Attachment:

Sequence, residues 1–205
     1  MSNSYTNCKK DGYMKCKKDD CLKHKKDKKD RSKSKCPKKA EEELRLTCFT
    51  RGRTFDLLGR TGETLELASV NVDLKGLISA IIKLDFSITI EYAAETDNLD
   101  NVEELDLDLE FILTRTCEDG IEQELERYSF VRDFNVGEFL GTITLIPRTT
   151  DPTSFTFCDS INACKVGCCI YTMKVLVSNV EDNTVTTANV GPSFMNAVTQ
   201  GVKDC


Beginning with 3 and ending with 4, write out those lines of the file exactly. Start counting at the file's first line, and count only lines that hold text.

    51  RGRTFDLLGR TGETLELASV NVDLKGLISA IIKLDFSITI EYAAETDNLD
   101  NVEELDLDLE FILTRTCEDG IEQELERYSF VRDFNVGEFL GTITLIPRTT